Taliban capture eighth provincial capital in six days

Taliban capture eighth provincial capital in six days

Taliban capture eighth provincial capital in six days

Taliban took control of another city in northern Afghanistan on Aug. 11, an official said, the eighth provincial capital to fall to the insurgents in six days as U.S.-led foreign forces complete their withdrawal.

The Taliban capture of Faizabad - the capital of the northeastern province of Badakhshan - came as President Ashraf Ghani landed in Mazar-i-Sharif to rally its defenders as Taliban forces closed in on the biggest city in the north.

After a long battle in Faizabad, government forces retreated to a neighbouring district, Jawad Mujadidi, a provincial council member from Badakhshan, told Reuters.

He said Taliban fighters had taken most of the province and laid siege to Faizabad before launching an offensive on Aug. 10.

The far northeastern province of Badakhshan borders Tajikistan, Pakistan and China.

The Taliban are battling to defeat the U.S-backed government and reimpose strict Islamic law. The speed of their advance has shocked the government and its allies.

Taliban forces now control 65% of Afghanistan, have taken or threaten to take 11 provincial capitals and seek to deprive Kabul of its traditional support from national forces in the north, a senior European Union official said on Aug. 10.

U.S. President Joe Biden urged Afghan leaders to fight for their homeland, saying on Tuesday he did not regret his decision to withdraw, noting that the United States had spent more than $1 trillion over 20 years and lost thousands of troops.

The United States was providing significant air support, food, equipment and salaries to Afghan forces, he said.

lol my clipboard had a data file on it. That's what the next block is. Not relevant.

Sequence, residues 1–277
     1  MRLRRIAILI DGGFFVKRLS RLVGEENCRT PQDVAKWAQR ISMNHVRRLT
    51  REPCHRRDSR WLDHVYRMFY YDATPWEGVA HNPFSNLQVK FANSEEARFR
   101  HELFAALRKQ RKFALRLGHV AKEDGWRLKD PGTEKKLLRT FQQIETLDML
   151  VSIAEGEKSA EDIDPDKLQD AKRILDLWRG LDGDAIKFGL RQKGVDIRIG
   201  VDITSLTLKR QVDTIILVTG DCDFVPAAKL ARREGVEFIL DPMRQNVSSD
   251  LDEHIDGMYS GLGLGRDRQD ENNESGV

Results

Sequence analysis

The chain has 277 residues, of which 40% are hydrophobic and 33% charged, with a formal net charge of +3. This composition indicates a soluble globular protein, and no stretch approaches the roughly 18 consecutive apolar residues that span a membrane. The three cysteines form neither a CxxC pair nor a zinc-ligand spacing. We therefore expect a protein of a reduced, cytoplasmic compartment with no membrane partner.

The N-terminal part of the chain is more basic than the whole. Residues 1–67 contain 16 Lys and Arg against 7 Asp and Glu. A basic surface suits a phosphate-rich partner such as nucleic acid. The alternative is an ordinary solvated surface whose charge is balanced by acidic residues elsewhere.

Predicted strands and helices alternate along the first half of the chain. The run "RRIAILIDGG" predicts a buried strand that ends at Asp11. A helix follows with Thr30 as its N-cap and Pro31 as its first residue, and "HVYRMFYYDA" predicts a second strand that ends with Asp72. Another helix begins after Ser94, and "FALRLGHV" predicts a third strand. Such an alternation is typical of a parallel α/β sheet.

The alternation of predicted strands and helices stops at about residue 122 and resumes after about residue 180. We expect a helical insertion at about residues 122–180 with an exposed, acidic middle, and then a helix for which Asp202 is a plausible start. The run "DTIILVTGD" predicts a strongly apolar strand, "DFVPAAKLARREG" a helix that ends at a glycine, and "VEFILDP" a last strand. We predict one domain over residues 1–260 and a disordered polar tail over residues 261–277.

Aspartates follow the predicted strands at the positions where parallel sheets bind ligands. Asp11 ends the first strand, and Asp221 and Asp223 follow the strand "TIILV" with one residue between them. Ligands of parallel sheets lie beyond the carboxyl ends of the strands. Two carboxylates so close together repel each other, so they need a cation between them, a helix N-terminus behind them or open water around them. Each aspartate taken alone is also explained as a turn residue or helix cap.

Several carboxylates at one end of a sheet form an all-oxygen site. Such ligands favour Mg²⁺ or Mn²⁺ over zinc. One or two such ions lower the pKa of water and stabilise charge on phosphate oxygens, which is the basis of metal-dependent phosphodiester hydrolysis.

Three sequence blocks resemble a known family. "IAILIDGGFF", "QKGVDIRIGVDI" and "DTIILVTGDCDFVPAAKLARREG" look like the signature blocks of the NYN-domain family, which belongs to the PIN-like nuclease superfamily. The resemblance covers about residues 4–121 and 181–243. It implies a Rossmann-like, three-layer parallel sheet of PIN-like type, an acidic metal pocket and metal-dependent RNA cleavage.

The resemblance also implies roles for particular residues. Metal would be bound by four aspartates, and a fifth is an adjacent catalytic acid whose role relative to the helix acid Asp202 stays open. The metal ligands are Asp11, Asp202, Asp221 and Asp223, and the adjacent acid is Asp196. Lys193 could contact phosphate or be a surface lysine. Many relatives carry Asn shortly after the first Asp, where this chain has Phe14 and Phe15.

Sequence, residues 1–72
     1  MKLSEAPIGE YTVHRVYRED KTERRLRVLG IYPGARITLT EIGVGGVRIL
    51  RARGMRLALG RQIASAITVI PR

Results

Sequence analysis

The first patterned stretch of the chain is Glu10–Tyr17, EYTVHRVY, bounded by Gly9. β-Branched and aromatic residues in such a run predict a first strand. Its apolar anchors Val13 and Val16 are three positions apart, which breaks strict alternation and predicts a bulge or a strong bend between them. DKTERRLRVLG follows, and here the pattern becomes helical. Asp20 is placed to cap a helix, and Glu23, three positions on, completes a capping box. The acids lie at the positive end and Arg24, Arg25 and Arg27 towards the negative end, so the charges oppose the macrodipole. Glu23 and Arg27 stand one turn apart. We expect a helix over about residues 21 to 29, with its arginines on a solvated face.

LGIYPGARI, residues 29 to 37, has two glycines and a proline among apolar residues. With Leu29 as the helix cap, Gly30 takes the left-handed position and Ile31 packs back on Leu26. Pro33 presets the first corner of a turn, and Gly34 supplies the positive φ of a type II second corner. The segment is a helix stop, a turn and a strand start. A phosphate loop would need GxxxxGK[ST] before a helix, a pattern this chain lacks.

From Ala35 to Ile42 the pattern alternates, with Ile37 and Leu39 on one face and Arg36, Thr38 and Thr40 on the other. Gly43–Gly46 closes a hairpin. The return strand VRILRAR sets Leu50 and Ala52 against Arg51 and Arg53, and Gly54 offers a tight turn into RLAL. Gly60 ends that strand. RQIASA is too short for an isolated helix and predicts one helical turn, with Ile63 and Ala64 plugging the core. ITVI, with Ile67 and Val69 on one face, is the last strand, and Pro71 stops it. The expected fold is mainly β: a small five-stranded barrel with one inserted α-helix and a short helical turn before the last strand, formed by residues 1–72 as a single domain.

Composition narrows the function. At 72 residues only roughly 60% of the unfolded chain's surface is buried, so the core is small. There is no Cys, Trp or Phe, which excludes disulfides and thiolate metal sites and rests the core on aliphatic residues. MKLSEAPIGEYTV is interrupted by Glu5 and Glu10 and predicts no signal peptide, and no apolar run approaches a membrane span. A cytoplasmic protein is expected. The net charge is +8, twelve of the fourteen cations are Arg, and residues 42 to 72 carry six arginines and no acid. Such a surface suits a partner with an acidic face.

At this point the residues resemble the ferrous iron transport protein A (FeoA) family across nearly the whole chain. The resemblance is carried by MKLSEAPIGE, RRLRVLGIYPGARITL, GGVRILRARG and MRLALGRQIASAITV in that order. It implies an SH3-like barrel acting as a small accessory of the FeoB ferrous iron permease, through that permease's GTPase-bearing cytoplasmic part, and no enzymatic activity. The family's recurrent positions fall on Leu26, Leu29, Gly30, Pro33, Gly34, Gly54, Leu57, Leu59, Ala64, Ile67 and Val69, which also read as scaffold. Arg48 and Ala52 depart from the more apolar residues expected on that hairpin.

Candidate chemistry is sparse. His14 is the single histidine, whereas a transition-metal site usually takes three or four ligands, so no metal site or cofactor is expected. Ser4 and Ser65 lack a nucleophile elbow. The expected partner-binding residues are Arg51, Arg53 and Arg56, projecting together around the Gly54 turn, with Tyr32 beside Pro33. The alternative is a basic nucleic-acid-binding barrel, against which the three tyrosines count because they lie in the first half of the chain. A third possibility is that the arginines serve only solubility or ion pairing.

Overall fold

The north was for years Afghanistan's most peaceful region, with only a minimal Taliban presence.
During their 1996 to 2001 rule, the Taliban were never completely in control of the north but this time, they seem intent on securing it before closing in on the capital.

Regional appeal

Government officials have appealed for pressure on Pakistan to stop Taliban reinforcements and supplies flowing over the border. Pakistan denies backing the Taliban.

The government has withdrawn from hard-to-defend rural districts to focus on holding population centres. In some places, government forces have given up without a fight.

Ghani is now appealing for help from the old regional powerbrokers he spent years sidelining as he attempted to project the authority of his central government over traditionally wayward provinces.

He will meet key regional leaders in Mazar-i-Sharif.

"President Ghani is scheduled to meet local government and security officials, political and jihadi leaders, tribal elders and influential people," the presidential office said on Twitter.

In the south, government forces government forces are battling Taliban fighters trying to reach Kandahar province's main prison to release detained comrades, officials there said.

Fighting is also taking place in city of Farah in the west, near the Iranian border, Tolo News reported.

In Geneva on Aug. 10, U.N. human rights chief Michelle Bachelet said reports of violations that could amount to war crimes and crimes against humanity were emerging, including "deeply disturbing reports" of the summary execution of surrendering government troops.

Six EU member states warned the bloc's executive against halting deportations of rejected Afghan asylum seekers arriving in Europe, fearing a possible replay of a 2015-16 crisis over the arrival of more than a million migrants, mainly from the Middle East.

The United States will complete the withdrawal of its forces this month in exchange for Taliban promises to prevent Afghanistan being used for international terrorism. The Taliban promised not to attack foreign forces as they withdraw but did not agree to a ceasefire with the government.